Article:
I'm also interested in novel methods that allow to dissect the genetic basis of quantitative traits. Most of the variation of traits relevant in medicine, agriculture, sociobiology, ecology and evolution is quantitative. Understanding the genetic basis of such quantitative (or complex) traits is considered key for improving crop yield, leveraging personalized medicine and comprehending poorly understood evolutionary processes such as extinctions, adaptation, speciation, canalization and phenotypic plasticity. It is thus not surprising that unraveling the genetic basis of quantitative or complex traits is considered to be a key challenge for biology in the 21st century.

Marcus Nordborg, Genetics of adaptation

Magnus Nordborg

Scientific Director, Gregor Mendel Institute of Molecular Plant Biology, Austrian Academy of Sciences


Research area: Genetics of adaptation

Magnus Nordborg's main research interest is the genetic basis of adaptation. His group seeks to learn more about the number and types of genetic differences that underlie adaptive differences, and tries to understand their evolutionary dynamics. The group uses a combination of empirical and theoretical approaches, ranging from gene mapping and system biology in the model plant Arabidopsis thaliana, to the development of basic population genetics models. Magnus Nordborg has published over 60 papers on topics ranging from basic population genetics theory to the regulation of flowering in A. thaliana. Since January 1, 2009, he is director of the Gregor Mendel Institute of Molecular Plant Biology in Vienna.

Ovidiu Paun

Assoc. Professor, Department of Botany and Biodiversity Research
University of Vienna


Research area: Gene flow and adaptation

Ovidiu Paun broadly focuses on understanding rapid adaptation and diversification, with an emphasis on the evolutionary impacts of hybridization and/or polyploidy. He uses state-of-the-art comparative genomics on natural populations, integrating molecular data in the environmental context to explain the origin of biodiversity and its dynamics. An important theme in Ovidiu’s recent work has been the exploration of the role of epigenetic variation in adaptive evolution. His main current work uses environmental transcriptomics and high throughput sequencing to investigate the adaptive diffusion of a series of sibling allopolyploid Dactylorhiza species (Orchidaceae).

Claus Vogl, Assistant Professor, Institute of Genetics and Animal Breeding University of Veterinary Medicine Vienna

Claus Vogl

Priv.-Doz., Institute of Genetics and Animal Breeding
Vetmeduni Vienna


Research area: Data analysis in population and quantitative genetics, and linkage mapping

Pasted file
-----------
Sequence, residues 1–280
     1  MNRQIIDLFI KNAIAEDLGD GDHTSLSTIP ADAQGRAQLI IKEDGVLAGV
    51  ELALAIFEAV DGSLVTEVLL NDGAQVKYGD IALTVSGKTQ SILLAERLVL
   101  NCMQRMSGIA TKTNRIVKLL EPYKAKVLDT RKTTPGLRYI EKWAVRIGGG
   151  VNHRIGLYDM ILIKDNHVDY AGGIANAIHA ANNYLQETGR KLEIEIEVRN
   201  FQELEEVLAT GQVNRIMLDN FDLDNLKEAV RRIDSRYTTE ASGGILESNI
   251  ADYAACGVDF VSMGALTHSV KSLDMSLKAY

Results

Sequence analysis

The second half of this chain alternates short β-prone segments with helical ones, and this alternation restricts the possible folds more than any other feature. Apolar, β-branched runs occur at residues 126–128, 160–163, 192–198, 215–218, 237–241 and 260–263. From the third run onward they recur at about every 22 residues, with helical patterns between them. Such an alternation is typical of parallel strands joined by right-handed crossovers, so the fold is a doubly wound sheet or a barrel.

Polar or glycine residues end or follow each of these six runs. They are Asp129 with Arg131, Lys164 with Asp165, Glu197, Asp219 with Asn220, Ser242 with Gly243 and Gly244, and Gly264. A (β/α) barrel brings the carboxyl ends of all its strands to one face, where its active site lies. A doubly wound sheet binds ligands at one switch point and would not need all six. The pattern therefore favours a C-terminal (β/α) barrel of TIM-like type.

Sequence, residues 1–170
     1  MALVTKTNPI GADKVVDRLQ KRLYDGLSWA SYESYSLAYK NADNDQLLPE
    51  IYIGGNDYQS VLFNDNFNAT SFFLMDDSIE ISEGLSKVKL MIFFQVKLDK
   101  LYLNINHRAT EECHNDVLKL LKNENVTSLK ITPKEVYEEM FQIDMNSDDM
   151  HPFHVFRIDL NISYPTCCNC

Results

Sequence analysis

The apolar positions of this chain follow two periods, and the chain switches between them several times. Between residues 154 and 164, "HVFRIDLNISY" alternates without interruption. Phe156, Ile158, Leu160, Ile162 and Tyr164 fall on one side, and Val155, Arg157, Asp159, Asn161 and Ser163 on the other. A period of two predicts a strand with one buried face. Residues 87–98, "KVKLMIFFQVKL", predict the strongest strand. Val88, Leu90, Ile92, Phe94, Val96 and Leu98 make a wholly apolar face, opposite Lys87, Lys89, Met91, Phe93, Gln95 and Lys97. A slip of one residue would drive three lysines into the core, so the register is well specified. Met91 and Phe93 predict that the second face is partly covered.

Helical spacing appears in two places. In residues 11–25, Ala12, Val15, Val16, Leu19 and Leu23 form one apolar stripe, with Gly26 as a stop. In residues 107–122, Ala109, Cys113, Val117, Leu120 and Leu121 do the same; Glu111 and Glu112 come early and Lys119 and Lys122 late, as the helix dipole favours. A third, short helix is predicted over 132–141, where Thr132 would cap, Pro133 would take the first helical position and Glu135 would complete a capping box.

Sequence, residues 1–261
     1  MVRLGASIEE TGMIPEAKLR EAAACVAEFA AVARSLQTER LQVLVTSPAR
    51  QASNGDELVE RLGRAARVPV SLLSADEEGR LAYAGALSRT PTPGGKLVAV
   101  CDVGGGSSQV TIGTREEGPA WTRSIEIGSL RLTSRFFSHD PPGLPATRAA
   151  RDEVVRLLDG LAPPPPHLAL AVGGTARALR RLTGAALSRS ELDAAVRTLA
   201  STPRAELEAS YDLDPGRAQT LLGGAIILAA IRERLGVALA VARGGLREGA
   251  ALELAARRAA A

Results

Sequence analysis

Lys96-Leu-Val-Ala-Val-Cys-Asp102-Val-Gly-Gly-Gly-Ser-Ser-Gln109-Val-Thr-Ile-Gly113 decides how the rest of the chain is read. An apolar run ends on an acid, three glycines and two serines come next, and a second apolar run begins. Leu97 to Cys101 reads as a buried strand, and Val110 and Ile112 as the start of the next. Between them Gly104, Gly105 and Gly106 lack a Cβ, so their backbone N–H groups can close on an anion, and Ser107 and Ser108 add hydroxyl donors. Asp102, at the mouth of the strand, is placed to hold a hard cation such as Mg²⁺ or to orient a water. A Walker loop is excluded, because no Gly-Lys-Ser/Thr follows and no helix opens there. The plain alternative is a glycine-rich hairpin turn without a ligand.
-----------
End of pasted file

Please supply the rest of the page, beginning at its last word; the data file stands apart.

Claus Vogl has worked extensively in the theory and analysis of population and quantitative genetic and linkage data. He has developed probabilistic Bayesian approaches in these areas and has analyzed many datasets with these methods. Particularly relevant to hybridization is his work on mapping transmission ratio distorting loci (TRDL), since in this case the phenotype is a distorted segregation ratio. This is known to occur as a result of outbreeding depression, when two widely separated populations come into secondary contact, e.g., when widely separated populations are crossed to maximize genetic distance for mapping or during natural hybridization. Furthermore, Claus Vogl also has experience in investigating on population subdivision using Bayesian methods from his earlier work.

Barbara Wallner

Priv.-Doz., Institute of Animal Breeding and Genetics, Vetmeduni Vienna


Research area: Molecular evolution

My research focusses on the impact of human breeding strategies on the genome of domestic animals. By combining genomic data with historic records, I address not only demographic but also general evolutionary and population genetic questions. My methodological work includes the generation of draft assemblies for Y chromosomes from short read NGS data and developing strategies for well-defined haplotype reconstruction.

Christian Lexer (1971-2019)

Professor, Department of Botany and Biodiversity Research, University of Vienna

PopGen Vienna students and faculty are shaken and deeply saddened by the loss of our dear colleague, faculty member and PhD advisor Christian Lexer. Our thoughts are with his wife and children and all members of his family.



Christian Lexer: A lifelong passion for trees - 2020 - Molecular Ecology


Fond zur Förderung der wissenschaftlichen Forschung
vetmed uni vienna
Gregor Mendel Institute of Molecular Plant Biology
Universität Wien